Archive for the ‘Evil’ category

Evil Infests Augusta

April 21, 2016

John Brunner said it exactly right in The Shockwave Rider:  “If there is such a phenomenon as absolute evil it consists in treating another human being as a thing.”

With that in mind, let me give you the latest from Maine’s governor, the utterly odious Paul LePage:

Gov. Paul LePage vetoed a bill Wednesday that would allow pharmacists to dispense an anti-overdose drug without a prescription, saying that allowing addicts to keep naloxone on hand “serves only to perpetuate the cycle of addiction.” [via Kerry Eleved at GOS]

That’s nonsense on its own terms, as the deeply valuable Maia Szalavitz — herself a former addict — has argued over and over again:

As with needle exchange, opposition to Naloxone distribution has mainly come from those who fear that reducing drug-related harm will lead to increased drug use.   Fortunately, also similarly to the data on needle exchange, the research doesn’t find this occurring.

But don’t let any actual experience bother you, LePage!

“Naloxone does not truly save lives; it merely extends them until the next overdose,” LePage wrote, repeating a contention that has caused controversy before. “Creating a situation where an addict has a heroin needle in one hand and a shot of naloxone in the other produces a sense of normalcy and security around heroin use that serves only to perpetuate the cycle of addiction.”

It’s a strong word to use, I know.  But this is evil.

Rembrandt_Harmensz._van_Rijn_-_Christ_with_the_Sick_around_Him,_Receiving_Little_Children_(The_'Hundred_Guilder_Print')_-_Google_Art_Project

In LePage’s telling the addict isn’t a person.  He or she is rather just the worthless meat sack that locally reverses entropy between one overdose and the next.  He’s rather let those suffering an overdose die than live because, as he frames it here, the state of addiction robs the user of all other human attributes.

This is how a monster thinks.

I won’t say that this is the view that infects all of your modern Republican party, because on this issue it’s not.  But it remains a perfectly mainstream one — one that kills.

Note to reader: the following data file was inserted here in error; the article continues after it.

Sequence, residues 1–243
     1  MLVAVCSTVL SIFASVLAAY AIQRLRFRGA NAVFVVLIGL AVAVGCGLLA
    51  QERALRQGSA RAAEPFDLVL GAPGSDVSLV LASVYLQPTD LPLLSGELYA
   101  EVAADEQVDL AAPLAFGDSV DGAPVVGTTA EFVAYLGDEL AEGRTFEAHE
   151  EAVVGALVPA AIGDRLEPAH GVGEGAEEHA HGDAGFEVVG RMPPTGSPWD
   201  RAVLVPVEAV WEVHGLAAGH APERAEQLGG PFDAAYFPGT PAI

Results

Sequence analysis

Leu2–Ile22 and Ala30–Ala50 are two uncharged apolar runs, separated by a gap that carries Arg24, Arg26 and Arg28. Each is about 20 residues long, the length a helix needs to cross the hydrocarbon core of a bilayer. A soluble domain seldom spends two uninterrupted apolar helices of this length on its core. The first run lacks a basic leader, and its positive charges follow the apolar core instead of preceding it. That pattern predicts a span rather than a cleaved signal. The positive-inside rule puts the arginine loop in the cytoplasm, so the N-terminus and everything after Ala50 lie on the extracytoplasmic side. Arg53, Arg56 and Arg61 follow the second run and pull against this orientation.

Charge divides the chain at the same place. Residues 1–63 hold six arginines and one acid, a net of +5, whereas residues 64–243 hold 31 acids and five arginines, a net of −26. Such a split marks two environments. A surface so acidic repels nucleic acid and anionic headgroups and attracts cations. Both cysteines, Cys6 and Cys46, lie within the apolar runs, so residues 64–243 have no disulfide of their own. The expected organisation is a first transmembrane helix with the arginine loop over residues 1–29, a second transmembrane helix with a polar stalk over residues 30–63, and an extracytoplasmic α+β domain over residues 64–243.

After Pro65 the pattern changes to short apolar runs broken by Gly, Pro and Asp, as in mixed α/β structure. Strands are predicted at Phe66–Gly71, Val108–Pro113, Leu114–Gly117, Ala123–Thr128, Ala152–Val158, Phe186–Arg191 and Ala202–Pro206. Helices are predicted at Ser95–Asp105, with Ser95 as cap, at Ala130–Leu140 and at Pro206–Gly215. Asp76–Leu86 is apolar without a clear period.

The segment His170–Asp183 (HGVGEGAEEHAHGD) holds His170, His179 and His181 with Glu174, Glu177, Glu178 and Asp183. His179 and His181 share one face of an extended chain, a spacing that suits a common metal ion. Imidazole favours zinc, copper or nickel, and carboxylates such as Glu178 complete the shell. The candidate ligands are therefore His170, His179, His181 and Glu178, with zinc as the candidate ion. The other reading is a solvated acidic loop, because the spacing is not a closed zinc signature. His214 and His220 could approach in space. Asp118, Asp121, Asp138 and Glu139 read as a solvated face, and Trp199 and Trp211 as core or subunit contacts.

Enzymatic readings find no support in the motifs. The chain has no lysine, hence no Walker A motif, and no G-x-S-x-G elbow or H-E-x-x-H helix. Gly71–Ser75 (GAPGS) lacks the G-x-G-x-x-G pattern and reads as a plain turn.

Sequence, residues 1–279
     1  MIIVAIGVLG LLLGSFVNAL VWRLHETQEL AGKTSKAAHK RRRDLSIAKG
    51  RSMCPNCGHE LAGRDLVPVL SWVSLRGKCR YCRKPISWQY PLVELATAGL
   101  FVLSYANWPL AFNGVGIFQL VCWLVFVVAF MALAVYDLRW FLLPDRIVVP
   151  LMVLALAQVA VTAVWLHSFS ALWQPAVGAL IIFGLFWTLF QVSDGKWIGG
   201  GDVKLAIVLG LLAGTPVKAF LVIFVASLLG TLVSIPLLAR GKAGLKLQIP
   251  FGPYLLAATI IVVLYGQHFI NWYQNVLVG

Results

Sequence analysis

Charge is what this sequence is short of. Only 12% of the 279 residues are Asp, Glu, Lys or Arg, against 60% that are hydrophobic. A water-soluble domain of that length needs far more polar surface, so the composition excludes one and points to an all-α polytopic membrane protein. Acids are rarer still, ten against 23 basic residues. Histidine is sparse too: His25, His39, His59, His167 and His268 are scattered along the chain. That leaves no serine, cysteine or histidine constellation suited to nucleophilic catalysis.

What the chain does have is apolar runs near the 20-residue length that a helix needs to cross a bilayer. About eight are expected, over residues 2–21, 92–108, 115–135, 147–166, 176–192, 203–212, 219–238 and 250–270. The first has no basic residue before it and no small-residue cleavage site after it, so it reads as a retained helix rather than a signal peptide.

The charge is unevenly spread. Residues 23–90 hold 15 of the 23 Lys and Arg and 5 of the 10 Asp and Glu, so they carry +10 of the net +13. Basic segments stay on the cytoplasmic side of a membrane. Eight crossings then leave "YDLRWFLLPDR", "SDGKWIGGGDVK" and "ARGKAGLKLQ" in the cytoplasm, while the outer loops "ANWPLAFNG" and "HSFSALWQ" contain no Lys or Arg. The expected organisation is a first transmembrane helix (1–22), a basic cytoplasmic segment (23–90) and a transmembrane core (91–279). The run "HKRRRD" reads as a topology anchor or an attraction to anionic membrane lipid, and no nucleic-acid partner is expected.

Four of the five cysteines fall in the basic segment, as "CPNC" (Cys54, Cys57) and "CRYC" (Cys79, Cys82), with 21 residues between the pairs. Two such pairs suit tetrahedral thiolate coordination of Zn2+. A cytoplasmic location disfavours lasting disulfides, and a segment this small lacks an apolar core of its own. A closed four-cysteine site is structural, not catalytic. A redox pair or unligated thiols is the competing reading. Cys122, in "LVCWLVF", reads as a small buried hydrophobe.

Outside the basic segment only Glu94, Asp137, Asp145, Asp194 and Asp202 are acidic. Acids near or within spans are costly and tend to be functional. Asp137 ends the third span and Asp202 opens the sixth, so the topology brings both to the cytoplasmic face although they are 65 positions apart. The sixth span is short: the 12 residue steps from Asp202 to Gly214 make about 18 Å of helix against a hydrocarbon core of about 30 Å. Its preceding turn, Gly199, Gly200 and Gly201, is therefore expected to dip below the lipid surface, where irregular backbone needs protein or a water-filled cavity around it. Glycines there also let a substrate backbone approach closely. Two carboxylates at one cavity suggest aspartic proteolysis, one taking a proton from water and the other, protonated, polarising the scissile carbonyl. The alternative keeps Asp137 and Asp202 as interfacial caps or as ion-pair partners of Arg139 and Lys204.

If you needed any more reason to go all yellow-dog Democrat on every line of your ballot, Governor (sic!) Paul LePage is exhibit (n)*

Last, to help wash the taste of tiny-minded misery out of your mouth, here’s Szalavitz again:

…one of the biggest misunderstandings we have about addiction is that tough love—is that being kind will fail and tough love will work. What really helps and why harm reduction, which is this idea that we will meet you where you’re at and we’ll help you whether you’re ready to stop or not—why that works is because when you have addiction, you tend to be very marginalized, self-hating. You might be homeless. You feel like a criminal. Nobody has any respect for you. And when somebody just hands you a clean needle or gives you access to naloxone and says, “I believe you deserve to live, regardless of whether you do what I want,” that’s a really powerful message of kindness.

And here a plug (full disclosure: she’s a friend) — here’s Maia’s new book on addiction.

*Where n is an arbitrary large number.

Image: Rembrandt van Rijn, Christ Preaching (The Hundred Guilder Print) c. 1649.

Gas Up Your Tumbrels

December 22, 2015

I think that this has already been discussed in a comment thread or two, but today (a) The New York Times reminded us that it can do essential, truly top-notch journalism and (b) exposed truly grotesque practices within a “justice” system that offers scant justice to anyone that doesn’t sport “Inc.” as a last name:

Encore and rival debt buyers are using the courts to sue consumers and collect debt, then preventing those same consumers from using the courts to challenge the companies’ tactics. Consumer lawyers said this strategy was the legal equivalent of debt collectors having their cake and eating it, too.

The use of arbitration by the companies is the latest frontier in a legal strategy orchestrated by corporations in recent years. By insertingarbitration clauses into the fine print of consumer contracts, they have found a way to block access to the courts and ban class-action lawsuits, the only realistic way to bring a case against a deep-pocketed corporation.

Their strategy traces to a pair of Supreme Court decisions in 2011 and 2013 that enshrined the use of class-action bans in arbitration clauses.